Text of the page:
There was a great deal of statistical, database and modeling work required for these transactions. Not only did trading systems need to be built that could model the structured transaction cash flows for valuation and hedging – but systems for keeping track of pre-payments and all of the underlying assumptions required as inputs to the models needed to be built. For this, Craig found some fantastic young, eager, smart people that could support this work in Europe. Many thanks to them. One of the subsidiaries of the bank – Structured Finance Servicing – needed to be built and staffed so that it could handle the operational tasks associated with the securities issuance.

Another great opportunity arose as markets opened up at the Euro conversion, around 2000-2001. Delphi was introduced to Rheinische Hypothekenbank (RheinHyp), a CommerzBank subsidiary – and was engaged to lead them to complete the first pan-European securitization of mortgages – and we denominated the securities in Euros (this was the EUR 1.34 Europa One transaction).

This Europa One transaction involved a synthetic securitization component – since the collateral were ‘underwater’ in price and could not be transferred off the balance sheet of the bank without incurring a loss. So, with the excellent teamwork of the placement team at Barclays Bank, we had RheinHyp issue Pfandbriefe to collateralize the bonds that were issued, but created a credit-default swap (where RheinHyp paid something like an insurance premium to the securitization structure) and the coupon from the Pfandbriefe, together with the swap payments were sufficient to cover the payments on the Europa One bonds. It was a great structure and many thanks are due to the teams that helped make this possible. (Cherry Allen was part of the team that lived in Frankfurt to help make this trade doable.)

As with the Danish work, not only was there the financial modeling and systems that needed to be built, but there were all sorts of operational systems that needed to be designed, built and put into practice to put a ‘master servicer’ in place to manage the bonds. This was great work.

Asset-Backed Commercial Paper

Perhaps because of the success of the CMO Denmark bonds – or simply because the Danish leaders of the securitization effort at Unibank were extremely talented – the leaders of the Unibank capital markets rapidly were promoted to greater positions of responsibility within the bank.  As they moved forward in their careers, they and Delphi elected to create yet another structure to capture some business within the Nordic markets.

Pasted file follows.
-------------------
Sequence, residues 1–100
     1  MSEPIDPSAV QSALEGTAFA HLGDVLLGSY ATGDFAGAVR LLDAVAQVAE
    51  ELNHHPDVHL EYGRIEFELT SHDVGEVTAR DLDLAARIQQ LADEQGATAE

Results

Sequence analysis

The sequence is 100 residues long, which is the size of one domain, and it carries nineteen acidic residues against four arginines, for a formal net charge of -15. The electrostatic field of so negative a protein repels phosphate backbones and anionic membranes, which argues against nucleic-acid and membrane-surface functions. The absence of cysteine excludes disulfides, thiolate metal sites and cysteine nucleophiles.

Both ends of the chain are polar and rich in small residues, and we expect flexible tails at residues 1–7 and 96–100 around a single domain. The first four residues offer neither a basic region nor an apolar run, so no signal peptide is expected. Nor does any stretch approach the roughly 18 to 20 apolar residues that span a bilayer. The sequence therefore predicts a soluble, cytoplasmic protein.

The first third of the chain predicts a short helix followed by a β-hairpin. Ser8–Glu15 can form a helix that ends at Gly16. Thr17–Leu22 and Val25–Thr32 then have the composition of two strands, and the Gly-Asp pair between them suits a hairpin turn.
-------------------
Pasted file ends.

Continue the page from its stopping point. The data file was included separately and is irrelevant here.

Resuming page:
The EUR 2 billion commercial paper conduit, Viking Asset Securitisation Ltd (Viking), was created in Denmark to purchase commercial receivables from Nordic customers and, together with certain guarantees and credit-enhancements from the bank, Viking was able to issue highly-rated, short-term commercial paper to fund the purchase.  This vehicle began issuing commercial paper in about 2001 – and although the asset-backed commercial paper market has been seriously cut back – the Viking structures continue to serve Nordic customers to this day.  Craig Allen is still a member of the board of these companies.

Other developments

There have been other structures and financing-types that Delphi has developed through the years.  Some, for example, have involved the securitization of IO strips from the U.S. Small-Business Administration (SBA) loans issued to small- and medium-sized enterprises in the U.S. market.  Delphi has developed Shariah-compliant structures for financing auto exports by major auto manufacturers.  There are several other crazy financing transactions completed by Delphi.

What has been clear, though, throughout all of Delphi’s history – is that when a financing need arises, Delphi has been able to create a financing structure, build the analytics for valuation and credit management, and create the systems and operational tools to manage these transactions.  Delphi has enjoyed solving these challenges.

See this page for more information about the unique financial products Delphi has developed.